A pseudo-3D model to optimise the target traits of light interception in short-rotation coppice willow
Research output: Contribution to journal › Article › peer-review
Fast growing short rotation coppice willows are being developed as biomass crops for bioenergy and biofuels. The UK Perennial Bioenergy Crops programme (BSBEC-BioMASS) aims to optimise biomass yield and wood composition of willow. Towards this goal, new trials were established in 2009 of contrasting genotypes (Endurance, Resolution, Terra Nova and Tora) in two different environments (wet and dry) for intensive studies and to increase our process understanding. From data of the first growth cycle we developed a model for light interception, representing the canopy structure, and accounting for both the vertical and horizontal heterogeneity of willow canopies. The key components of light interception were considered as: leaf inclination distribution and its effects on the extinction coefficient; clumping index; and leaf area index as a function of canopy height. The model realistically represents the varietal differences observed in the field and predicts well light interception for willow (r2 ranges from 0.91 to 0.99) when compared with measured data. The extinction coefficient proved to be well represented using a standard ellipsoidal distribution function (r2 ranges from 0.81 to 0.97). Vertical leaf area distribution and clumping index were found to be the most important traits for light interception and, unlike the extinction coefficient, the clumping index can be expressed as a function of the leaf area. We conclude that the new model provides a useful and simple approach to characterise the efficiency of light interception in willow genotypes and can help to identify target traits for the selection of varieties with an improved architecture for light interception.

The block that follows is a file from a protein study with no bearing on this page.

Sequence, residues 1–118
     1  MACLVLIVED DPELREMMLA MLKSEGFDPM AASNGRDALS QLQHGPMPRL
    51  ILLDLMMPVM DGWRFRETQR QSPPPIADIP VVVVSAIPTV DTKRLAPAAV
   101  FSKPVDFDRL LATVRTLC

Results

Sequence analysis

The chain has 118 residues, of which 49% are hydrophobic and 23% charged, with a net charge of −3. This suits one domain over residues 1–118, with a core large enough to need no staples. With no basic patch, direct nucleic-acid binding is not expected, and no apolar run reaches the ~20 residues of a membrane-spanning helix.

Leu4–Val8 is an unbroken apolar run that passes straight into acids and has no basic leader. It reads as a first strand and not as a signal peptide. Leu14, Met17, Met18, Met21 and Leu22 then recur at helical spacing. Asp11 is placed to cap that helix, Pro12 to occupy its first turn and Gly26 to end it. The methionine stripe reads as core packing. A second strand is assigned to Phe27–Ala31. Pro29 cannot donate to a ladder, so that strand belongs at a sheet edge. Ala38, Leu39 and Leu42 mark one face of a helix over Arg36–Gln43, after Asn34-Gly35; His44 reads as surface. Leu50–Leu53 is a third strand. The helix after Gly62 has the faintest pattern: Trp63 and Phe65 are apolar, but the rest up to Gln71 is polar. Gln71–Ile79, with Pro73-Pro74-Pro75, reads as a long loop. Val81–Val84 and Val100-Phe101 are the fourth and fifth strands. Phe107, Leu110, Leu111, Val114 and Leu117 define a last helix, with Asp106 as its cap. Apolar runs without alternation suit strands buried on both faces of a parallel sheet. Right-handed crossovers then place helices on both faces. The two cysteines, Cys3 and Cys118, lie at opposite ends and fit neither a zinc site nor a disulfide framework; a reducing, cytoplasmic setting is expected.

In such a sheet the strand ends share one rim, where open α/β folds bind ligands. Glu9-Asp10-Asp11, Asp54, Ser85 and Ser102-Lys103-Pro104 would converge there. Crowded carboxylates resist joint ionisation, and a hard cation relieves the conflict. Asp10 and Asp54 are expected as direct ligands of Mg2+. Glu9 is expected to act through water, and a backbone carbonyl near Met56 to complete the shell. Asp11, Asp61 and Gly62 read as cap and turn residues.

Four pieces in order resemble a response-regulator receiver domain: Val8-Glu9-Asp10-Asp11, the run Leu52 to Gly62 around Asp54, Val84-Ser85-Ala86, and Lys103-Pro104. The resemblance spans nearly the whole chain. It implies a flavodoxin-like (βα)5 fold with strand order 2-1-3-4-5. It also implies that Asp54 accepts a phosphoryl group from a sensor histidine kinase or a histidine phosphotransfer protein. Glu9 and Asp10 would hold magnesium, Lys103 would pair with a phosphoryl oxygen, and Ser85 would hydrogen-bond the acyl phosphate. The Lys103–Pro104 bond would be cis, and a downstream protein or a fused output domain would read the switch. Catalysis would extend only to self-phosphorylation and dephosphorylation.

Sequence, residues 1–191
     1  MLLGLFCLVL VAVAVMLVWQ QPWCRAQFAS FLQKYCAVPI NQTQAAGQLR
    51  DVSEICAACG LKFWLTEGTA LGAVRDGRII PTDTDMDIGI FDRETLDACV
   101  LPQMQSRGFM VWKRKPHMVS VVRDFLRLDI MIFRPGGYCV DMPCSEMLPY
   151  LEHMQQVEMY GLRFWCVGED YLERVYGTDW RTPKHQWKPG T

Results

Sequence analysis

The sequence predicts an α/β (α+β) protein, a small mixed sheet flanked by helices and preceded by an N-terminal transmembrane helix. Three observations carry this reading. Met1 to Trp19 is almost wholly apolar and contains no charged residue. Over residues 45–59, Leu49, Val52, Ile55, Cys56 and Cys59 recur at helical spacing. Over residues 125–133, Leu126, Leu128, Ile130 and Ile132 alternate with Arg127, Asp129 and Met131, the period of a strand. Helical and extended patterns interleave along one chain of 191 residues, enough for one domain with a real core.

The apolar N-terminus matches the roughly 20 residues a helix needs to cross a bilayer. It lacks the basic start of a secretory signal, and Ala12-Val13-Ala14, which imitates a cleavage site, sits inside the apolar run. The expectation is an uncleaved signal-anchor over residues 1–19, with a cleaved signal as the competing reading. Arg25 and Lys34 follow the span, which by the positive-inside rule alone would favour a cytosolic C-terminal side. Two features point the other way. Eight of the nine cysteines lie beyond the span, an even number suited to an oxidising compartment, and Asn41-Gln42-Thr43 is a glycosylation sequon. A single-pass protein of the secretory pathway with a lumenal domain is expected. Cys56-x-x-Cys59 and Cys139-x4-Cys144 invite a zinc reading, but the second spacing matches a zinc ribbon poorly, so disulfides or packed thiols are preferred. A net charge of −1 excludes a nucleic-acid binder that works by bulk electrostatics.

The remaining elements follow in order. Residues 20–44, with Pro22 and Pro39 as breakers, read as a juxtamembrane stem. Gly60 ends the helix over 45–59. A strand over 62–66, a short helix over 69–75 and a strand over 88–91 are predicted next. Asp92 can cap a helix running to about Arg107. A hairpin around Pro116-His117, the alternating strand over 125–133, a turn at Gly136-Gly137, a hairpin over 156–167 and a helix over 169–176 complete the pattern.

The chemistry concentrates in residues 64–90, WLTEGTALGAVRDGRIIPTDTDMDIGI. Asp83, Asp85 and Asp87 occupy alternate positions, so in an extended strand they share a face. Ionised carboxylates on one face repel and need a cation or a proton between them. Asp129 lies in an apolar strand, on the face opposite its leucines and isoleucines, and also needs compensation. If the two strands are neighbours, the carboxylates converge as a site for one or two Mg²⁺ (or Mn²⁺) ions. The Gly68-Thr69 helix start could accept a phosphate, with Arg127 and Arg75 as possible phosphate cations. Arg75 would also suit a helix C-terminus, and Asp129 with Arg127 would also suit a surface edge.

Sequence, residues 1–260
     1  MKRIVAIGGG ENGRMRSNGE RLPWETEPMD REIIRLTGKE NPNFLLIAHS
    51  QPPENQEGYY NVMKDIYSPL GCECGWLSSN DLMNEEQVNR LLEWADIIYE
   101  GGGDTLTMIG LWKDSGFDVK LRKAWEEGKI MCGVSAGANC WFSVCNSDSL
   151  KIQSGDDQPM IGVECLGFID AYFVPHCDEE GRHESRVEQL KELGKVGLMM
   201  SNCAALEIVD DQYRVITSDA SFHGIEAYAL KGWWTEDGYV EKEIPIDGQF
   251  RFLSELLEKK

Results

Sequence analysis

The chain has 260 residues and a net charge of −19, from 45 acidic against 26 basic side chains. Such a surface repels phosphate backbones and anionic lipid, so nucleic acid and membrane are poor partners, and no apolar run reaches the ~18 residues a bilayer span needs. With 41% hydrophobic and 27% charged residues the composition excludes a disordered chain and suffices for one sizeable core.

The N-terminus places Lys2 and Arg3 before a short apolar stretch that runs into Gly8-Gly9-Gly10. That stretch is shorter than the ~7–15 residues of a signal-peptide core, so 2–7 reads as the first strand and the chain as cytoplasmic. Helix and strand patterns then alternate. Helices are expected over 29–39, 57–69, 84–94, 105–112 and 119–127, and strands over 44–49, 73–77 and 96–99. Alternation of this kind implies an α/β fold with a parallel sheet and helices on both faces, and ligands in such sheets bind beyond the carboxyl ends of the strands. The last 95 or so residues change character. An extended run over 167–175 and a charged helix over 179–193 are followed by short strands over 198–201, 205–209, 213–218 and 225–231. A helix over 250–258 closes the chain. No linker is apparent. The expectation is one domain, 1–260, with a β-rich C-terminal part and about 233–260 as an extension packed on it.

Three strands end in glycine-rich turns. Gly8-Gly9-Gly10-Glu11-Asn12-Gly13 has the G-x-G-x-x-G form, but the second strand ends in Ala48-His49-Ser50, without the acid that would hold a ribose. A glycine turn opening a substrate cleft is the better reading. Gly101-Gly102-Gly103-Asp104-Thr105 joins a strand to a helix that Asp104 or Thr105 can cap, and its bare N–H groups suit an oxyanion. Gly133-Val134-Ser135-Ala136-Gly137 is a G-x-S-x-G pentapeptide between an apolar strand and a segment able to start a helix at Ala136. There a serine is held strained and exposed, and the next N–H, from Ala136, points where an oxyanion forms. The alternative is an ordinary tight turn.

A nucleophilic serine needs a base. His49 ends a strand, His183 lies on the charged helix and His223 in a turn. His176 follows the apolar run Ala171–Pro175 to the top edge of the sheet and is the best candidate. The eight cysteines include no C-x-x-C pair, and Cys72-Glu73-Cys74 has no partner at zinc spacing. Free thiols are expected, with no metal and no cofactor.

|Number of pages||12|
|Journal||Agricultural and Forest Meteorology|
|Publication status||Published - 15 May 2013|